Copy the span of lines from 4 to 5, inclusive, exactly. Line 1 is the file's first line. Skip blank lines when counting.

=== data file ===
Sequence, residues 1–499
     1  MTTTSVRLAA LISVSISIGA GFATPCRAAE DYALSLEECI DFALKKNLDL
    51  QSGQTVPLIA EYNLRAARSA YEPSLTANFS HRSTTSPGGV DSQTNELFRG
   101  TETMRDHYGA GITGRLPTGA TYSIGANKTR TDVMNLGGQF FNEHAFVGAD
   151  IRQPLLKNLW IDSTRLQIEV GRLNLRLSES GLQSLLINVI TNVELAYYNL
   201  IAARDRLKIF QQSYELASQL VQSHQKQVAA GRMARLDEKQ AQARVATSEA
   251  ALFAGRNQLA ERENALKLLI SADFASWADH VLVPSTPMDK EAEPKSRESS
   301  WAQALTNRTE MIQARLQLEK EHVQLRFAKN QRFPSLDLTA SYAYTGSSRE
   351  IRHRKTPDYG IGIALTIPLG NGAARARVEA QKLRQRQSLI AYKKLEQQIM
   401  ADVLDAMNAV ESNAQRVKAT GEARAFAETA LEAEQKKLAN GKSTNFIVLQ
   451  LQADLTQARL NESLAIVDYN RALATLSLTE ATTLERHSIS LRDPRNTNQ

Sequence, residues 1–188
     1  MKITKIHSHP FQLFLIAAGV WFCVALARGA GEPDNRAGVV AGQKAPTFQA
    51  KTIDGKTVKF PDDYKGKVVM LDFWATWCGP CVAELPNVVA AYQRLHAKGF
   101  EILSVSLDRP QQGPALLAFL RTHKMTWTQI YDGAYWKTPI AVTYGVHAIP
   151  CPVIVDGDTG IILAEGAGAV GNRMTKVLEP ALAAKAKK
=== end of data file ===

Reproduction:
   101  TETMRDHYGA GITGRLPTGA TYSIGANKTR TDVMNLGGQF FNEHAFVGAD
   151  IRQPLLKNLW IDSTRLQIEV GRLNLRLSES GLQSLLINVI TNVELAYYNL